As the general election on 8th June fast approaches, all three of the main parties have now published their plans for the future if they should be fortunate enough to take power. So, we wanted to pass on any relevant information relating to contractors – and this is how it’s looking.
The Conservatives say they will maintain their plans for corporation tax, reducing it to 17% by 2020. They will not increase VAT, and will keep their promise of an increase to £12,500 for the personal tax-free allowance. No mention on National Insurance contributions – however, they say they want to ‘simplify the tax system’. Also no mention of the already announced cut in dividend tax allowance, but it’s likely this will still go ahead, based on comments by officials when the Finance Bill was passed. Teresa May also plans to provide seed funding for new schemes designed to bring in older professional workers from other industries, to support the public sector.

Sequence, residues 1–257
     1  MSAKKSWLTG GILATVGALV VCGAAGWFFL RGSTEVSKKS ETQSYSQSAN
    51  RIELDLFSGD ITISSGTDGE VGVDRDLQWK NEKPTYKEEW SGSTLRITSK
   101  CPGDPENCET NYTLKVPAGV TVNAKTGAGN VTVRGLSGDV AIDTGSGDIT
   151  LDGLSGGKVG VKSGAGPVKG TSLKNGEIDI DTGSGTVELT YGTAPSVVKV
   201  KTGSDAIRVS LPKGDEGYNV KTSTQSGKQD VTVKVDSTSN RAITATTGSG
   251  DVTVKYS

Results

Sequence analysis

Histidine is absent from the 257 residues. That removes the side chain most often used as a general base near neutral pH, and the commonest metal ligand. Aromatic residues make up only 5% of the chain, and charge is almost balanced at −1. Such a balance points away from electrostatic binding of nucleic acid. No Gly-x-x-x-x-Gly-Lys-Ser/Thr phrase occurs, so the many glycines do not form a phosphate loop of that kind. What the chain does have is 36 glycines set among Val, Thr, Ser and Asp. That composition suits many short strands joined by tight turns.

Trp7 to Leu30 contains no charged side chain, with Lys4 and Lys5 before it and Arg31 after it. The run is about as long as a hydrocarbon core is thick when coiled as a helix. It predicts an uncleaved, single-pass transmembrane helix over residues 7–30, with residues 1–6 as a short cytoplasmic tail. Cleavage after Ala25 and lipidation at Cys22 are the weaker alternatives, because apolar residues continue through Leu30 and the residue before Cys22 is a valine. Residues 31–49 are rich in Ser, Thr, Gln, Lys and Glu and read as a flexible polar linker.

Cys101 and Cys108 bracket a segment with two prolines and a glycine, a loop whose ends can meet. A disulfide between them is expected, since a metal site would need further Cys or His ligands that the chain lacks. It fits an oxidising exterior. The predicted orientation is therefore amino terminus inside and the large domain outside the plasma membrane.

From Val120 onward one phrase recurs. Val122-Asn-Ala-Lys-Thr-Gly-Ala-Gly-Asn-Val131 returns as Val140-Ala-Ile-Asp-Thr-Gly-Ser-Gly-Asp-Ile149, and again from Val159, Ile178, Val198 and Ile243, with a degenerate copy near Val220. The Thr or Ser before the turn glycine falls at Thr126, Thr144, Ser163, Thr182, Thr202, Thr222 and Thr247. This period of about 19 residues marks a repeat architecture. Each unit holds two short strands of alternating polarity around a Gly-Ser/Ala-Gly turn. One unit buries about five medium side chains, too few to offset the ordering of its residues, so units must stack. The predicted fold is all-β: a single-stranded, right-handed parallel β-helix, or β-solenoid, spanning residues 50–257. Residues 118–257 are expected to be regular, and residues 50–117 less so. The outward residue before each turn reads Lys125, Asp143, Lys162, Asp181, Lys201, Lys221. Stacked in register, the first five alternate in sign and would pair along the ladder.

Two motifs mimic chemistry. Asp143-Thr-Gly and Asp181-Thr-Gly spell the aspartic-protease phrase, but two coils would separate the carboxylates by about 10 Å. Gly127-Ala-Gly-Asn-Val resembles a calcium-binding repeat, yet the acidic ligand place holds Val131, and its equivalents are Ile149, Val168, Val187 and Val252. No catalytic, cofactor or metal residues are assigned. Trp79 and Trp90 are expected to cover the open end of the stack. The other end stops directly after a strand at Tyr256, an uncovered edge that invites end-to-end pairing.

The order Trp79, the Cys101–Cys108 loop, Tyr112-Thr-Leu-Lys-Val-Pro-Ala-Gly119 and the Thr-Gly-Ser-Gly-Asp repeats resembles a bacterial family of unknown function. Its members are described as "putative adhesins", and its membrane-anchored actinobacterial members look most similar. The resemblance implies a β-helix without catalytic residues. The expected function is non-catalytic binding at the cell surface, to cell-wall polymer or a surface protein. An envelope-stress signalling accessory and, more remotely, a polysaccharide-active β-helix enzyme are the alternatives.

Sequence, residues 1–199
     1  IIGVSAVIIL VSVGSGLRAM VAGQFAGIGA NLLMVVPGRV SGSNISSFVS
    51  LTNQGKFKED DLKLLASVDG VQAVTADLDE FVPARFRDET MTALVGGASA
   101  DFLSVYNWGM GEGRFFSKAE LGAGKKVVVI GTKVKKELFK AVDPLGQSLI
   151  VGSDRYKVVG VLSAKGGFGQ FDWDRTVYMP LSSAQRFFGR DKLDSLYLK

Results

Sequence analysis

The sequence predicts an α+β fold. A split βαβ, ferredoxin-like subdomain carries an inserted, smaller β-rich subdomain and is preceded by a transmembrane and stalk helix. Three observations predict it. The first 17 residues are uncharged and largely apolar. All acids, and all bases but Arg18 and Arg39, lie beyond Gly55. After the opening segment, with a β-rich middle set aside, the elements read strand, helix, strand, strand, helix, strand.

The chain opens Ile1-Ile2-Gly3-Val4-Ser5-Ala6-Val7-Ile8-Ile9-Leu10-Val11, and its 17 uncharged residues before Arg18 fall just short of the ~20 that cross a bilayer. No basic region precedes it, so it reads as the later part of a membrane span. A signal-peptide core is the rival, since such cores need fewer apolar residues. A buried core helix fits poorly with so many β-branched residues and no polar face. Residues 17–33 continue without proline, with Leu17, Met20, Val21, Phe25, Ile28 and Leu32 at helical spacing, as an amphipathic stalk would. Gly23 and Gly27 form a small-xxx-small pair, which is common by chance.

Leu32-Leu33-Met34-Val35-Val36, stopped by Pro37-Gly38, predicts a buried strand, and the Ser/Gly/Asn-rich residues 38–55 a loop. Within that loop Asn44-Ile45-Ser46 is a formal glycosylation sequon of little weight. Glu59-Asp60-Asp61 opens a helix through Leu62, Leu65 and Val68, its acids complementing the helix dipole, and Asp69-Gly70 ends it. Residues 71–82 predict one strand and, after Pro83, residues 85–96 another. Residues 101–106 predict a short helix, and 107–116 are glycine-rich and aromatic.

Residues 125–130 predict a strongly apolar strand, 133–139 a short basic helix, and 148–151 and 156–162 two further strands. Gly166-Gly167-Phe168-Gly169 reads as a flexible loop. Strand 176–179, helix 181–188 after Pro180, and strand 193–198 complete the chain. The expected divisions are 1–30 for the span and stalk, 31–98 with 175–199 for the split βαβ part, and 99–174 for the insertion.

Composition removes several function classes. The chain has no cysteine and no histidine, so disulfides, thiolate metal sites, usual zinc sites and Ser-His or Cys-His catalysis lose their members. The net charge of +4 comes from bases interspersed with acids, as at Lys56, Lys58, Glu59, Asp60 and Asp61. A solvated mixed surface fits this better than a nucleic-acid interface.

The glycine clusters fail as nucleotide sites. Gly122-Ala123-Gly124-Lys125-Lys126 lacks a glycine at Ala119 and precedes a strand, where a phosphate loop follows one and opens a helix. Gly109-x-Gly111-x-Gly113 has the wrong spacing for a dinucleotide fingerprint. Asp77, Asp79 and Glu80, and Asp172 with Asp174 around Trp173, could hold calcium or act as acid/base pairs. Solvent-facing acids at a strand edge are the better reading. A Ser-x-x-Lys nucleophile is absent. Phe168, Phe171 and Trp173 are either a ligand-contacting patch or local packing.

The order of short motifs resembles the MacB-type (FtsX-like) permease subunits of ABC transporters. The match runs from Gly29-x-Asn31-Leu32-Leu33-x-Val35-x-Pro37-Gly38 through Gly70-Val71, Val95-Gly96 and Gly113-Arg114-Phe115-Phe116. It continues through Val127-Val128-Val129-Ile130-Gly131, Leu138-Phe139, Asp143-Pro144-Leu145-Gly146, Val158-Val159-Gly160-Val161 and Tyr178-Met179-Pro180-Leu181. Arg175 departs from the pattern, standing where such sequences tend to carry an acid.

For companies with annual profits of less than £300k, Labour plans to reintroduce the lower ‘small profits’ corporation tax rate. In 2018/19 this would create a small profits rate of 20%, rising to 21% in 2020/21. Labour has said it will not increase VAT and NI, but will raise taxes for those earning £80k+ to 45p and for those earning £123k+ to 50p. Jeremy Corbyn plans to ban umbrella companies and set up a ‘dedicated commission’ to modernise employment status laws. He would also change legislation to assume that workers are ‘employees’ unless employers can prove otherwise. End-user clients and agencies would be responsible for enforcing agency workers’ rights, and there are plans to introduce a statutory definition of employment status – as called for by IPSE.
The Liberal Democrats plan to reverse the cut in corporation tax, putting it back up to 20% from 17%, and would also bring in a 1p increase in dividend taxation. They also intend to reverse four Tory tax policies – Entrepreneurs’ Relief; CGT cuts/extended CGT relief; the Marriage Allowance and raising the IHT threshold. The Lib Dems also intend to reform corporation tax so it ‘benefits the smallest companies’, shifting the current profit-based system so it takes sales and turnover into account. Tim Farron has also said he will modernise employment rights to ‘make them fit for the age of the gig economy’.